I was fortunate that my mother, who was widowed, came to live with us. She was an incredibly wonderful support for my children in their early years. My oldest boy is now repaying the care that his grandmother (now 82 years old) showed him as a child, by looking after her marvellously, like nothing on earth.
Just on another aspect of your personal life: your husband Gordon is working in a related field but not exactly the same field as you, I think.
Actually, we work together – as we have virtually ever since our early postdoctoral years. He is a Professor of Anatomy; he is structure. And I am a physiologist; I am function. I guess we bring different disciplines and different ways of thinking to the same problem. We work hand in hand.
When you are both choosing your next step, the next location, next lab, you presumably have to compromise at times and maybe not go to your own first choice. By the sound of things, that has worked well for you – you have taken on every opportunity and made the most of it. Has this been a good partnership with Gordon, professionally speaking?
Yes, it has. The decision whether or not to go to Iowa was probably the major one. When we returned to Melbourne we were now married and we both joined the Baker Medical Research Institute. I stayed there for 13 years; he stayed for about two years, because he got a senior position in the Anatomy Department at the University of Melbourne. Anatomy was only 20 minutes away, anyway, so we still collaborated.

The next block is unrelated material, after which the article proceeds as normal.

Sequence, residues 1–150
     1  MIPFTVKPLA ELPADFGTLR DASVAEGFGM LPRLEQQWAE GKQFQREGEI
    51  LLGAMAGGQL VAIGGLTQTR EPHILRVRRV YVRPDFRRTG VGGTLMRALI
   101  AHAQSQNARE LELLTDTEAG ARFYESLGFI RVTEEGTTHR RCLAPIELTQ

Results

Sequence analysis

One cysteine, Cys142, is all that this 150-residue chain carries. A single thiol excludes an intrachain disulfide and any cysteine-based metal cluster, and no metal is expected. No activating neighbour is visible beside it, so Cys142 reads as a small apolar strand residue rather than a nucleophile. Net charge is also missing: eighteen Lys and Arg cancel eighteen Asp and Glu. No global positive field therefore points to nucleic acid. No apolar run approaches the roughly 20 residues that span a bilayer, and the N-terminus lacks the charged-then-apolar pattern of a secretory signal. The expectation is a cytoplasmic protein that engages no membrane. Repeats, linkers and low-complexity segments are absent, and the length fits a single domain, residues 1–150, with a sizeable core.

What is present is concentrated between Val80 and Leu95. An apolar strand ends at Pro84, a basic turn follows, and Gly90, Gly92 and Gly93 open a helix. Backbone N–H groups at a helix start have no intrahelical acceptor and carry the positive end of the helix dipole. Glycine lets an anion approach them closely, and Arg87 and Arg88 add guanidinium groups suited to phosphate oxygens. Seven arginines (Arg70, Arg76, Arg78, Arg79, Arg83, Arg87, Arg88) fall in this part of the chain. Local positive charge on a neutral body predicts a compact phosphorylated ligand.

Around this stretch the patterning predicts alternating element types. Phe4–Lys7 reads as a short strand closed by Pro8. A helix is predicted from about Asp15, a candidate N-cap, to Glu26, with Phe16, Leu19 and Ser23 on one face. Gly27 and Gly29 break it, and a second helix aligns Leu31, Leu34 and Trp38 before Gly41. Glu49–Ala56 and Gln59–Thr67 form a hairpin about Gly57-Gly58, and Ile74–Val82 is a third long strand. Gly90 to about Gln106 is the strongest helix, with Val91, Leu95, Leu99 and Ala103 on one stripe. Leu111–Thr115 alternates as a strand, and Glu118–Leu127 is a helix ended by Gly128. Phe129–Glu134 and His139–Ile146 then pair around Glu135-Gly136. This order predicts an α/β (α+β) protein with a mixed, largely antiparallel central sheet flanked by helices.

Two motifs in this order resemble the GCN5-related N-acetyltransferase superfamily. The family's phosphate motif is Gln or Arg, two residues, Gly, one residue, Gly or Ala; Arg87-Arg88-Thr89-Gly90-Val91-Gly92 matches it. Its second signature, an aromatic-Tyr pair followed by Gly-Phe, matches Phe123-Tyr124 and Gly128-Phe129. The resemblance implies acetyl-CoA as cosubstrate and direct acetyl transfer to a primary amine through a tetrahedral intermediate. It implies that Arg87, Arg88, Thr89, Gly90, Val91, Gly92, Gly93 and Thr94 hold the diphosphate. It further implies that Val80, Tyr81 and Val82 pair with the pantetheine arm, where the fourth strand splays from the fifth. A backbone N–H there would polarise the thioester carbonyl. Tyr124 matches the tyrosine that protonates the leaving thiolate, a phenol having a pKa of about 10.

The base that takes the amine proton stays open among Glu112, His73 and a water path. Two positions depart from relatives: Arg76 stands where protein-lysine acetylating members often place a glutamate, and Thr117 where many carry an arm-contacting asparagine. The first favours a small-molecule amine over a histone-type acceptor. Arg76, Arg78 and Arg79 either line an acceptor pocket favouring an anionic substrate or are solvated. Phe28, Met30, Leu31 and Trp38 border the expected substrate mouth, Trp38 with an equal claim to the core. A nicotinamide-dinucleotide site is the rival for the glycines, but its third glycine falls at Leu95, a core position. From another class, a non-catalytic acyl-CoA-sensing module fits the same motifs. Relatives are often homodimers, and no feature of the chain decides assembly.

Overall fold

In 1991, however, he was offered the Chair of Anatomy at the University of Queensland. I was very well known in Melbourne in my field and I had set up a great lab and had lots of grant money and was really humming away, and our three children were still young. But because he desperately wanted this position I said to him, 'I will move for you once – once only. This is it. Do not ask me to do it ever again.' And we managed to get the children into the Brisbane Boys and Girls Grammar schools, so their schooling was not interrupted. If we were going to move, that turned out to be a good time to do so.
How would you summarise the professional highlights of your Baker Institute years?
In relation to my work I think they were the consolidation and proof of my hypothesis, and the fact that I started to get invited to speak at international symposia and to become very well known internationally.
I think the highlight in my professional development was becoming part of the system of the National Health and Medical Research Council. I became a Senior Research Officer, getting my first grant with NHMRC, and then a Research Fellow, a Senior Research Fellow and finally a Principal Research Fellow. I am still a Senior Principal Research Fellow of NHMRC. I have been continuously employed by them ever since 1979. It is fantastic for me personally, to have that employment.
When Gordon took up his position in the University of Queensland, however, you found yourself in an institution where you were not as well known and your international reputation in Melbourne did not give you the prestige that you probably deserved. In Queensland you set up your own lab, the Centre for Research in Vascular Biology, but you have described its establishment as a year of frustration.